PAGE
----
I know I’ve been something of a J.R. Towles fanboy, and I understand that the team might be reluctant to give him another shot to translate his skills to the Major League level, but if going .344/.382/.594 in Spring Training, with more at-bats than any other player at your position, doesn’t earn you a chance to be the starting catcher, then I don’t know why we even have Spring Training. Of course, I understand that Humberto Quintero and Chris Corporan have posted comparable, and at times better, numbers. But Towles’ minor league production backs up his spring numbers, and I just happen to think he’s due one last chance to either be the starting catcher or to be traded or released.

As for the speculation about Carlos Lee, I think Brett Wallace has to be installed as the everyday first baseman to start the season. You have to believe that he’s going to find his power stroke at the major league level, and the thought of platooning Jason Michaels with any other options isn’t promising. Brian Bogusevic, the obvious in-choice left-handed outfielder, isn’t performing well this spring and needs to swing the bat a few more times in Oklahoma City before he should be called up. That means going out and getting a free agent, which more or less is limited to Ryan Church, as every other option with big league experience is right-handed, to my knowledge.

So, really, it just makes much more sense to me to put Lee and his diminished defense in left field, with Wallace and his potential big bat at first; rather than Lee at first and a combination of Jason Michaels and any other human being in left field.

Backstop

It seems like an annual Astros’ Spring Training rite: Determining who the starting catcher will be.  This year, and for the foreseeable future, you can blame Ed Wade and the gang for assuming that they’d locked the question up.  Jason Castro was going to be given the reins of the team.  That much, then, was settled.

Until it wasn’t.

Castro’s season came to a screeching halt when he tore the ACL in his right knee, leaving the Astros once again fielding the question: Who will start at catcher?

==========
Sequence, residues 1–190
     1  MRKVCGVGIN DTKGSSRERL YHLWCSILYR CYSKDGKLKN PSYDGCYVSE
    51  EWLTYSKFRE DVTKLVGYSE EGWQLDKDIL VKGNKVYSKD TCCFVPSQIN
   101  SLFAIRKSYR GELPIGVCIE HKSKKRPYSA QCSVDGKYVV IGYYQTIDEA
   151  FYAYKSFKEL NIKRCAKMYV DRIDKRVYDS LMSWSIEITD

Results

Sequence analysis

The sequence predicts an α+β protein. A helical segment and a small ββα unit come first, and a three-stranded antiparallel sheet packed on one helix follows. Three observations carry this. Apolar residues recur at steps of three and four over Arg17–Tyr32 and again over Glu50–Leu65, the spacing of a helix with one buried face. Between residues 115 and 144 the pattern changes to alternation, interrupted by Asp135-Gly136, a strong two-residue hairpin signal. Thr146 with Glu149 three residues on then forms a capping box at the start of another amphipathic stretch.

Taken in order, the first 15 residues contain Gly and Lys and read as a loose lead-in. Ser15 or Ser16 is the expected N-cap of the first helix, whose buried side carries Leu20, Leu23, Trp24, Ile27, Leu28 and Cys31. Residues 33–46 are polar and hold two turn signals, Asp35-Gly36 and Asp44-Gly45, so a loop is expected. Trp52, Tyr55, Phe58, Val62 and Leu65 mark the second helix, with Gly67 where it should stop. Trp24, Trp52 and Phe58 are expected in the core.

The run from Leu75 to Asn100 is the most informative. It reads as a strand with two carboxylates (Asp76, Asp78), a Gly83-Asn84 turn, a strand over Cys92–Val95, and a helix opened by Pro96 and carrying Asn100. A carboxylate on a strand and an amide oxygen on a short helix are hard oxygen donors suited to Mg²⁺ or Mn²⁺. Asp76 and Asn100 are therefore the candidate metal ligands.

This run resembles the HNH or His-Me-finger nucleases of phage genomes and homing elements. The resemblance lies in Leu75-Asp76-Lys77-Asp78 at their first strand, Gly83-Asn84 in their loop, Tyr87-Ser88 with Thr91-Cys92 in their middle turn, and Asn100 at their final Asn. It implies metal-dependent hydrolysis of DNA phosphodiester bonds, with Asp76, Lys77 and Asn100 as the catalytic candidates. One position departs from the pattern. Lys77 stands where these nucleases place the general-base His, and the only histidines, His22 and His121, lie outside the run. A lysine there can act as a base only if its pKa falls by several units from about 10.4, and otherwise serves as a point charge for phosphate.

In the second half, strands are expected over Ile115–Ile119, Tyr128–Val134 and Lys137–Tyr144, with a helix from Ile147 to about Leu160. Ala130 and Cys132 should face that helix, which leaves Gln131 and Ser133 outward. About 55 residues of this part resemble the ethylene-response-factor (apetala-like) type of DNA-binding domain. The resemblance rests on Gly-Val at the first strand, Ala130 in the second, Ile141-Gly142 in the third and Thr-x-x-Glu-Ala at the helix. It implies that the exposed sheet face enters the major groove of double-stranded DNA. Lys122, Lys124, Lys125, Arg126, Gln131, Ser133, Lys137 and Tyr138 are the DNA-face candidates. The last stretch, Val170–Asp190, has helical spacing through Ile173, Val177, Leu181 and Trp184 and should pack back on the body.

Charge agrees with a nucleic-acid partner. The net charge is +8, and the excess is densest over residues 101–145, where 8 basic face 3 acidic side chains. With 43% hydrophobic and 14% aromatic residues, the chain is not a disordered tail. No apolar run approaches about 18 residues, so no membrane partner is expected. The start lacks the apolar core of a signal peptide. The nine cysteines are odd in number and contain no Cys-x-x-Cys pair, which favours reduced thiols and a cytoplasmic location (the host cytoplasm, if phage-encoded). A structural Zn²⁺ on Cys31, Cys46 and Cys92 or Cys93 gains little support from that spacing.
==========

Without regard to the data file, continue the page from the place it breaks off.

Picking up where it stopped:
Defensive stalwart Humberto Quintero is an option, if not a great one on the offensive side of the plate; former top prospect J.R. Towles is also lingering around, after a few unsuccessful major league stints.  

There are a few options that may be available via trade, but in my opinion, a rebuilding team like the Astros would be foolish to give away any piece of merit for what amounts to being – at best – a one-year stopgap behind the plate.

Then there’s Bengie Molina.

Molina, a thirteen-year veteran with the Angels, Blue Jays, Giants, and Rangers, is leaning towards retirement, but has said that he would be open to signing with a team where he could get full-time employment.

He would certainly become the number one option behind the plate, probably with Quintero filling in from the bench.  He would no doubt be available at a reasonable price, similar to the Ivan Rodriguez deal.

Though last year was not a good one for Molina, it was the first time since 2003 that he slugged below .400.  The last time the Astros had a catcher with over 150 plate appearances who slugged .400 or better, the year was 2001 and the catcher’s name was Tony Eusebio.  Molina also brings a veteran presence to a team that seems to get younger by the minute.

My First-Ever Mailbag

I got an intriguing email from a fellow Astros fan today:

RR15: Why weren’t the Astros buyers at the trade deadline?  They’ve been playing over .500 since late May, they’re still within conceivable striking distance from the top of the division, and there’s a pretty good team out there available for bargain prices: Saltalamacchia, Lopez, Ludwick, Maholm, Church, Edwin Jackson, Tejada, and Haren, just to name a few.


There’s a lot here to digest, so let me try to break it down piece-by-piece.

The Astros may be playing over .500 since late May, but they’ve failed to rise above fifth place in a six-team division since April 25, when they were briefly in third place after sweeping the Pittsburgh Pirates at home.  Consecutive sweeps by the Reds and Braves put them at the bottom of the standings, and they haven’t resurfaced since.